Jesus was manly. There, I said it.

At first, that statement might not sound earth shattering. But think about the image we often portray of Christ in our art:

  • Have you ever seen a picture of Christ going hunting?
  • Even better, have you ever seen a rendering of Christ skinning and gutting an animal?
  • What about a picture of Jesus with mud on His robe –or messed up hair?
  • Has an artist ever painted Christ with dirt under His fingernails?

See what I’m saying? It seems that we have embraced a feminized Messiah whose everyday life on earth avoided manly tasks that required getting dirty. There are way too many pictures of Jesus with perfect hair and a well-groomed beard.

I want my son to become a man who imitates Christ –the real Christ –not a dry-cleaned, feminized, safe, feel-good, manicured, marketable version of Christ.

I want my son to know that Jesus:

It seems like the only pictures we have of Jesus getting dirty are renderings of His arrest, beatings, and execution. This strange divide between pre-arrest Jesus (clean and neat), and post-arrest Jesus (dirty and bleeding), may unintentionally send the wrong signal.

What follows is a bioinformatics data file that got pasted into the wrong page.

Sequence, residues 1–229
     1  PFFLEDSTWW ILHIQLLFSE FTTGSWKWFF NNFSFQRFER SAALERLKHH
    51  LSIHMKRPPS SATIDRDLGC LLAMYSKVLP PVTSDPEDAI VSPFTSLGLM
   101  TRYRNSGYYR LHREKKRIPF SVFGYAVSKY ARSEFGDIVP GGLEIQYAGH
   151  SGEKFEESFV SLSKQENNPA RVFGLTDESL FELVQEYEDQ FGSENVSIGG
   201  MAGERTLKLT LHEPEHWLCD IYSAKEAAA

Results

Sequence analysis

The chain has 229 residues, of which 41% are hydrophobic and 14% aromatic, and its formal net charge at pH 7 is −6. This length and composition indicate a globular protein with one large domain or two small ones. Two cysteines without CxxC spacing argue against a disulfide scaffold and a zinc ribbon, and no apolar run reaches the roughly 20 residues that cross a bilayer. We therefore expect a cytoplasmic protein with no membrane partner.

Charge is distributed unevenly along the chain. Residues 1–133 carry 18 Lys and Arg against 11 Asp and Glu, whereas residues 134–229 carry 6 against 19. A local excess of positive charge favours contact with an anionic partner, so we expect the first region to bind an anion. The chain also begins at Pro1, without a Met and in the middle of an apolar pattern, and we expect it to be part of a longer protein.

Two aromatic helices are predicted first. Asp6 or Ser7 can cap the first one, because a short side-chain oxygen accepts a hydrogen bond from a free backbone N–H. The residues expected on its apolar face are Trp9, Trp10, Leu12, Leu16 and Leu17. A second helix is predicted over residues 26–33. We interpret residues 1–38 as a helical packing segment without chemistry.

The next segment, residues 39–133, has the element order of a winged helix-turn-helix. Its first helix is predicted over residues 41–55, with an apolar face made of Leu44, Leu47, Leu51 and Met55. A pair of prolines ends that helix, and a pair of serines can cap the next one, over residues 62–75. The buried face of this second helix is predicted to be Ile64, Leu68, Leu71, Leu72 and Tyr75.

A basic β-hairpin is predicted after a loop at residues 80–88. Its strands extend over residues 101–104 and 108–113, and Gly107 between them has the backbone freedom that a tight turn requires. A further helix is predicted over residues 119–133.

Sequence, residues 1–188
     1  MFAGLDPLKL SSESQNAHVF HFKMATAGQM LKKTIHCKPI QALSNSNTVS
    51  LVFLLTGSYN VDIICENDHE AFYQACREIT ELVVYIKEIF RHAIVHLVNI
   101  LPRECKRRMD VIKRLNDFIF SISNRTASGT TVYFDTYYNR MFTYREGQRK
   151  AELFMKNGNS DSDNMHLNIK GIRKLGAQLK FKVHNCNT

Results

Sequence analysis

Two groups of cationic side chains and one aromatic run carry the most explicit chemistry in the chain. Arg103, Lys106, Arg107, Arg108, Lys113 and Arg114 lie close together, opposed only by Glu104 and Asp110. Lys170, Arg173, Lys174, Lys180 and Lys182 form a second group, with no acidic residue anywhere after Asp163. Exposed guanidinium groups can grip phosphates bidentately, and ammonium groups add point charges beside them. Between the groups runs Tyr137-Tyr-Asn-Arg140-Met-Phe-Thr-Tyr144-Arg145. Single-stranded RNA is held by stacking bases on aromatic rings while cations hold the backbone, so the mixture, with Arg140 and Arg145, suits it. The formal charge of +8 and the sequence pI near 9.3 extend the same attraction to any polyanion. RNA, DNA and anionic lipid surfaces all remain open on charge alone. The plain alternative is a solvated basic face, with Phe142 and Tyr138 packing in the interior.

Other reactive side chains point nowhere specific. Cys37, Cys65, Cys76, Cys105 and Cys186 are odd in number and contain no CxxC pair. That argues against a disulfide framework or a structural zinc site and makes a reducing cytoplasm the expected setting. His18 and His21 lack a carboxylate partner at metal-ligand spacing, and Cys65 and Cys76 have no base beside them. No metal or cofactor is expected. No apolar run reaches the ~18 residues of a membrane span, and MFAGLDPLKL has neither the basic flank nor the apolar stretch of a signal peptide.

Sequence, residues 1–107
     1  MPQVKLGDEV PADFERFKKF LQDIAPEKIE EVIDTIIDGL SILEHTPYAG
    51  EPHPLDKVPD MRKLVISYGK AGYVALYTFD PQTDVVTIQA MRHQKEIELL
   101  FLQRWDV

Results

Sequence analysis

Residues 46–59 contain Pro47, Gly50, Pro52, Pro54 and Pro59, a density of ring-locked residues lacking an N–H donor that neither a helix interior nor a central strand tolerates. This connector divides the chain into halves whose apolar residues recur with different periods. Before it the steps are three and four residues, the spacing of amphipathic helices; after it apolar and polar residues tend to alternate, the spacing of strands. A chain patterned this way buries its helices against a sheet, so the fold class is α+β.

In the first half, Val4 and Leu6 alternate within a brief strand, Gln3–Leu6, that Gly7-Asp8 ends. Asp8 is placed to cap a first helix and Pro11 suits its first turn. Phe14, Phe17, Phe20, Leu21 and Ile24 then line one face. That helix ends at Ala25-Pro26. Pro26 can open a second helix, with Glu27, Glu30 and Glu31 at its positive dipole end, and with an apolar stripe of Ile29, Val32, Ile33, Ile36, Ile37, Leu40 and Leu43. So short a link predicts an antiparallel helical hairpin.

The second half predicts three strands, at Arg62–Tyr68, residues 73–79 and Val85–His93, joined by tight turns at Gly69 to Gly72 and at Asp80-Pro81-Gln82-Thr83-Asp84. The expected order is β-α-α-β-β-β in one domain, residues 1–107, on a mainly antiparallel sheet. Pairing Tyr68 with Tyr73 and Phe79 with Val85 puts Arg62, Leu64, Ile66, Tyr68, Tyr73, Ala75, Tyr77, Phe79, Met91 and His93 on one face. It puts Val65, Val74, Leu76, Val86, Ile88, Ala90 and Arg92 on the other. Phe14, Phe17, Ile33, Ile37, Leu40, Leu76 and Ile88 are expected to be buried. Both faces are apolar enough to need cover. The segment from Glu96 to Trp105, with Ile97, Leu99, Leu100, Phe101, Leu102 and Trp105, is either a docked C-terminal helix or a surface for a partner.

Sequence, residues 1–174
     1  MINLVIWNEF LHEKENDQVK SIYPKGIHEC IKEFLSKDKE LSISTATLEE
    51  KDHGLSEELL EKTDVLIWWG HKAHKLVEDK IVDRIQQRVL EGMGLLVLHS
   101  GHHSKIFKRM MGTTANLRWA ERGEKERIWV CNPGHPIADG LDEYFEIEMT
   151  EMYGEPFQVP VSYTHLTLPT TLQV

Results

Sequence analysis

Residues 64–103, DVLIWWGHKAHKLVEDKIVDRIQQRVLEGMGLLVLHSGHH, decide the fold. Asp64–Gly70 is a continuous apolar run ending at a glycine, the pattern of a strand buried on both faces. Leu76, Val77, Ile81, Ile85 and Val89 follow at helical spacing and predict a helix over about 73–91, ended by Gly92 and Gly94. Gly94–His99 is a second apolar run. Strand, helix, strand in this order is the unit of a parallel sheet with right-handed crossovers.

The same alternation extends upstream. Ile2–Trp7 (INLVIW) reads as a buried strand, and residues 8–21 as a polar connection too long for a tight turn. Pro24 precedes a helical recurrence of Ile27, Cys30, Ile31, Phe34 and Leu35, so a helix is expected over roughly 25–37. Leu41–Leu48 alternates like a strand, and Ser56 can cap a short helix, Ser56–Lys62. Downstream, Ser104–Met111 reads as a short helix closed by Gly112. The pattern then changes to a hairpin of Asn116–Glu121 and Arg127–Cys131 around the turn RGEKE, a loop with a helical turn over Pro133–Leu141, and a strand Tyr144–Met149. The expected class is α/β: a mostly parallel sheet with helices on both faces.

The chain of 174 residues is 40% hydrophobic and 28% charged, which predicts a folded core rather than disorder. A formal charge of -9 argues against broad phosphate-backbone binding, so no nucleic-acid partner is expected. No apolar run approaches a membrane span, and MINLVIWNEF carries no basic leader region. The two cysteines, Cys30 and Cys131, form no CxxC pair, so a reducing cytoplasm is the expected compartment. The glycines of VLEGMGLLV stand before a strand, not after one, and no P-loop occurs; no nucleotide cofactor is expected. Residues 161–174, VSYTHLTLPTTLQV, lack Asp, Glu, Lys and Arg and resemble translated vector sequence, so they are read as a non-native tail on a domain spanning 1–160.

If we never establish the fact that Jesus was manly before his arrest, it is difficult to process the great restraint he practiced during the passion week.

I want my son to know that when Jesus was arrested, beaten, tried, and crucified; He could have fought back. He wasn’t a wimp. He wasn’t timid. He wasn’t forced into a position against His will.

Instead, Jesus was strong and manly. He could have put up a good fight, but He chose to incur the wrath of God for my sin.

Teaching my son about the manliness of Christ will help him learn what true humility and compassion consist of:

  • Strength under authority,
  • Conviction over compulsion, and
  • Faithfulness in the midst of suffering.